Obsessive Compulsive Disorder (OCD)

Obsessive Compulsive Disorder (OCD) is a chronic and disabling mental health condition which affects 2% of adult individuals.

The clinical presentation of OCD can differ significantly from one person to the other. However, it is characterised by the patient getting intrusive, often unpleasant repeated thoughts, images or impulses (i.e. obsession). This leads the patient to engage in repeated behaviour (i.e. compulsions) in an attempt to relieve the anxiety associated with these obsessions.

These compulsions might be in the form of a person washing their hands repeatedly or checking that the doors are locked. Unfortunately, carrying out these compulsions results only in a temporary relief of the anxiety and stress associated with the obsession and shortly after they are performed the patient’s anxiety starts building up again.

The onset of OCD is usually around late adolescence or early adult life. Some of the common obsessive thoughts patients experience are; fear of contamination, fear of harming others, fear of causing a problem and need for symmetry. Some of the common compulsions are; doing things in a ritualistic way, repeated hand washing, checking things repeatedly, repeating certain words and doing things for a certain number of times. Severe OCD can be very disabling, and it can stop people from carrying on their usual life activities.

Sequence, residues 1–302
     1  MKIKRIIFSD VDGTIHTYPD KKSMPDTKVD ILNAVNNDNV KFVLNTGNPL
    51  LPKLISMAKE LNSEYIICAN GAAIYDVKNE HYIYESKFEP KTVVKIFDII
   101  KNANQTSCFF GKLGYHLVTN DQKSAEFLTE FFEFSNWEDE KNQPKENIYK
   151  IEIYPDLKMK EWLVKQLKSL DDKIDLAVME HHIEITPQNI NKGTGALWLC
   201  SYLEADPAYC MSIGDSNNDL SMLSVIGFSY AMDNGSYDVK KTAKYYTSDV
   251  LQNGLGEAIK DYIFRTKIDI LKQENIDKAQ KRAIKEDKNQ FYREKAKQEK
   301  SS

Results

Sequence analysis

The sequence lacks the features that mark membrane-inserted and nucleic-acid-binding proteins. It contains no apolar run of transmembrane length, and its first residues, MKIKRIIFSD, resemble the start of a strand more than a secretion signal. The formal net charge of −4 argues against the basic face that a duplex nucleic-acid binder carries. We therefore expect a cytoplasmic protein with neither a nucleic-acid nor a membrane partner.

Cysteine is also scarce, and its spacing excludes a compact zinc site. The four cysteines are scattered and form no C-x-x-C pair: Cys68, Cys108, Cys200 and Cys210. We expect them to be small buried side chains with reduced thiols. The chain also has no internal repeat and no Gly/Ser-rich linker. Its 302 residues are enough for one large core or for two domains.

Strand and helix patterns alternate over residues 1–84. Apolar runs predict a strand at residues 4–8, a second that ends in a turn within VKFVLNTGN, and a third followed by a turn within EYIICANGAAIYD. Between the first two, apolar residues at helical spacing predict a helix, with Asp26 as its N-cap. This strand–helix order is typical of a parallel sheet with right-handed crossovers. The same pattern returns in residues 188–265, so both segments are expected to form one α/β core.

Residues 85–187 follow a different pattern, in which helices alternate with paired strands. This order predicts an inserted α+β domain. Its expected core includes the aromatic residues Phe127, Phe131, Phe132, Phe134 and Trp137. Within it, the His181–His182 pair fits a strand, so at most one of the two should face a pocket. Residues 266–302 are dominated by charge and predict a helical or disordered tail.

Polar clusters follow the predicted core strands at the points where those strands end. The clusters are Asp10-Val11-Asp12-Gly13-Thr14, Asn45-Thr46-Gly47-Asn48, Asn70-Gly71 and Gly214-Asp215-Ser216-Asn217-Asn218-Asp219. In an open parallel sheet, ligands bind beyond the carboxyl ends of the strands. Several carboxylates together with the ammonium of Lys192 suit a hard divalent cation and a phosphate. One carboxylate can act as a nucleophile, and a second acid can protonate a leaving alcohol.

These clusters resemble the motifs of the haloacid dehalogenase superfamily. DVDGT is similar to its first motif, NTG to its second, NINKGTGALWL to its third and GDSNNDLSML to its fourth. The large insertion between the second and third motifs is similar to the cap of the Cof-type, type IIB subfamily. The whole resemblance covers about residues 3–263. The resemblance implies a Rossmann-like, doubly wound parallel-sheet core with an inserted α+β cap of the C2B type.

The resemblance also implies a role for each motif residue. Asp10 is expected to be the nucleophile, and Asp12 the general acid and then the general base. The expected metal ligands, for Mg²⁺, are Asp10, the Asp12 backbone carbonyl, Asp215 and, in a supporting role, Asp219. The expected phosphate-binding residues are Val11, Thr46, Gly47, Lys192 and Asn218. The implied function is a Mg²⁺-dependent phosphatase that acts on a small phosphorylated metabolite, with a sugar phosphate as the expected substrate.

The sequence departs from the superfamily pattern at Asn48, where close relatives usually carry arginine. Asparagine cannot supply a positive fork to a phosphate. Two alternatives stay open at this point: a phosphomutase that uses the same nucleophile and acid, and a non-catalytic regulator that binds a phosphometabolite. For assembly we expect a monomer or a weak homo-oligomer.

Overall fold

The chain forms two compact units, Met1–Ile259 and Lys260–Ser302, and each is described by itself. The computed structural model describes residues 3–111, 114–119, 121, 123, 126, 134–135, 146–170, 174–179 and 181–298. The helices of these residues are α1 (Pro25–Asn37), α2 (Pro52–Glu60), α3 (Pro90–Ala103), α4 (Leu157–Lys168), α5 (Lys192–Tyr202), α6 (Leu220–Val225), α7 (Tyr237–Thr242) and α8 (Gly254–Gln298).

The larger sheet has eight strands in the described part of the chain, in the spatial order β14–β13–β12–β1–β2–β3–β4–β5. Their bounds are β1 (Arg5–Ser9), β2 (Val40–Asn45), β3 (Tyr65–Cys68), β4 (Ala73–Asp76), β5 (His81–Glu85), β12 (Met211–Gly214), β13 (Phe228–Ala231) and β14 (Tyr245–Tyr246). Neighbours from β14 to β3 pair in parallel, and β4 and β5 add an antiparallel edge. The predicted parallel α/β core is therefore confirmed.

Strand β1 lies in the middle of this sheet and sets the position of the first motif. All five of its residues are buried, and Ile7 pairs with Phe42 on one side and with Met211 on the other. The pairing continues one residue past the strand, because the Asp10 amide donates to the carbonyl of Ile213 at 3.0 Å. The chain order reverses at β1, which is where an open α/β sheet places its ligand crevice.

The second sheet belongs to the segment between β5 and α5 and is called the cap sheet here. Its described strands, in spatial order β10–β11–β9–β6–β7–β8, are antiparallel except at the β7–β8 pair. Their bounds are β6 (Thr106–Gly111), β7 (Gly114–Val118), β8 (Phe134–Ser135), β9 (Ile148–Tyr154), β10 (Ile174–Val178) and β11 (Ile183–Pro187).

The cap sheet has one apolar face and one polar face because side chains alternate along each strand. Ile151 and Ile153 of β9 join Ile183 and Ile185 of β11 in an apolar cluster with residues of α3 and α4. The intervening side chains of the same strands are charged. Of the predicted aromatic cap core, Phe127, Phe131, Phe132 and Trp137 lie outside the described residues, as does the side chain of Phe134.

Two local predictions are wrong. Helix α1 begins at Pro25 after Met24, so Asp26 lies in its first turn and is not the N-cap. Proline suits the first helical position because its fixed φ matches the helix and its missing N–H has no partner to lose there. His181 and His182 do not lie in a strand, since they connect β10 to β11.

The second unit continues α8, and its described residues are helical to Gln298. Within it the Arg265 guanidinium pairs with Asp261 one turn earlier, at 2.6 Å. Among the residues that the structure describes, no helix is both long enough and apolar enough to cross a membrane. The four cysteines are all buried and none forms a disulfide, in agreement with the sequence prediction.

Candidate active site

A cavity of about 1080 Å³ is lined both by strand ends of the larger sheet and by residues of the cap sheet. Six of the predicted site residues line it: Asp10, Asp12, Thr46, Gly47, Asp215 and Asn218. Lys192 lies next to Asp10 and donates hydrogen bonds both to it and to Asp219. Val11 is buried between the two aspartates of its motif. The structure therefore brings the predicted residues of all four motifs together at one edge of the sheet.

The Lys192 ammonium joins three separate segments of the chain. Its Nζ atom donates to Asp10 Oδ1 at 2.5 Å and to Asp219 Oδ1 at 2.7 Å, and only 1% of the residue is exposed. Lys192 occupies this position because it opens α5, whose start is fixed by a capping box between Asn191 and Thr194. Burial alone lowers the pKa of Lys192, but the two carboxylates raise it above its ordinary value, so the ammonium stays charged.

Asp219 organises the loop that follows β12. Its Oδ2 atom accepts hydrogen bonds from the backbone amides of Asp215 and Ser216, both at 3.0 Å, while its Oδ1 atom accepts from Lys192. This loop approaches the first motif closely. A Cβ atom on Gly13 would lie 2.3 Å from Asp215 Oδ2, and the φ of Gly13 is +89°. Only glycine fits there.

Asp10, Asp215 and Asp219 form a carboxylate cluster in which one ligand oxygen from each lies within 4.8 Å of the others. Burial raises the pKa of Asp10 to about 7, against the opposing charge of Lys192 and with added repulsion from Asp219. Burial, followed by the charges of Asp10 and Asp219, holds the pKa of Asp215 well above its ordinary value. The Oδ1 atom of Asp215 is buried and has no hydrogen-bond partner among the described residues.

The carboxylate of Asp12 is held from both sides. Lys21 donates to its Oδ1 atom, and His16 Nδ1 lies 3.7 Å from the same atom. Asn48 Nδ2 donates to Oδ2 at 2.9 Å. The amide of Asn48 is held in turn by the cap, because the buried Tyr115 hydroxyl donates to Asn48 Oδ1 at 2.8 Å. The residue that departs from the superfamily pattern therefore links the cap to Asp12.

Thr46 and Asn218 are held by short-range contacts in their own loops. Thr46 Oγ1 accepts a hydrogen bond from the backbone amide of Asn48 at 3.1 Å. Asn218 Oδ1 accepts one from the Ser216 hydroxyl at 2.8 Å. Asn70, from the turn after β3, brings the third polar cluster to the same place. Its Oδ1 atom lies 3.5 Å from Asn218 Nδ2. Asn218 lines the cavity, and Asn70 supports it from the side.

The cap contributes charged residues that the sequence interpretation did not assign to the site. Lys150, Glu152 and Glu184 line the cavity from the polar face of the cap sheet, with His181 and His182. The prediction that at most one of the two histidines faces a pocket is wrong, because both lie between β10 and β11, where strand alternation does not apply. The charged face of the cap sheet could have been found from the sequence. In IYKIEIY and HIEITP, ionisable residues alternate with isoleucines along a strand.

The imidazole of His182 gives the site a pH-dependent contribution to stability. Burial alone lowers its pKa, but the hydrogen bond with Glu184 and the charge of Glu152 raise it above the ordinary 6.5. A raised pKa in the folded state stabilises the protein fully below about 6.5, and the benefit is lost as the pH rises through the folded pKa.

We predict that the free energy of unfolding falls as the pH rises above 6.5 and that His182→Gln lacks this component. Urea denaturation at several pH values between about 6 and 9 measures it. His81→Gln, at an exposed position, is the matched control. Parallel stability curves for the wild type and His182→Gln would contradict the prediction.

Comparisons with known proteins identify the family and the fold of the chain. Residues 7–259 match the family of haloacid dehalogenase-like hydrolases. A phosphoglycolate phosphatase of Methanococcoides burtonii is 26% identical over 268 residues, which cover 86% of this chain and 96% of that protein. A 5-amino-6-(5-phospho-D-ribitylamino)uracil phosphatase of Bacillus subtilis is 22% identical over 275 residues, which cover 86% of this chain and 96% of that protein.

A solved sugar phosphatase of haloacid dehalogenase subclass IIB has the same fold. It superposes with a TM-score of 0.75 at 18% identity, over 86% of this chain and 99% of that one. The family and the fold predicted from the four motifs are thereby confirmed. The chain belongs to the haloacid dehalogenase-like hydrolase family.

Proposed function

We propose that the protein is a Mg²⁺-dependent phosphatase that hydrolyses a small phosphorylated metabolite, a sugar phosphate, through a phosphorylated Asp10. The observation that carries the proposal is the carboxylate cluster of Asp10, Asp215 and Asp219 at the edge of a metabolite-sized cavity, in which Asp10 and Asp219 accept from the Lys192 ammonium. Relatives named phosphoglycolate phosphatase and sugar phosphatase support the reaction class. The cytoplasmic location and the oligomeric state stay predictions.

There are a number of different treatment modalities that can help patients suffering with OCD:

  • Psychological therapies include Cognitive Behavioural Therapy (CBT) with Exposure and Response Prevention (ERP).
  • While medications that can be used in OCD include; Selective Serotonin Reuptake Inhibitors (SSRIs) and the Tricyclic Antidepressant Clomipramine. In treatment resistant cases adding an antipsychotic medication to other medications can be indicated. As you can see antidepressants are used to treat OCD. When compared to depression higher doses are needed and patients need to take the medication for a longer period of time before benefits are seen.
  • Besides medications and psychological therapies TMS is now used to treat OCD and the Food and Drug Administration (FDA) approved the first TMS device to treat OCD in 2018.

At London TMS Centre we have special expertise in treating OCD. This ensures that when we recommend TMS for one of our patients this is done as a part of a comprehensive treatment plan that addresses different aspects of the patient’s difficulties.

Our consultant psychiatrists have extensive experience in diagnosing and treating OCD. This includes using different treatment modalities and working with colleagues from other disciplines, such as psychologists, to deliver a comprehensive and holistic management plan to their patients.


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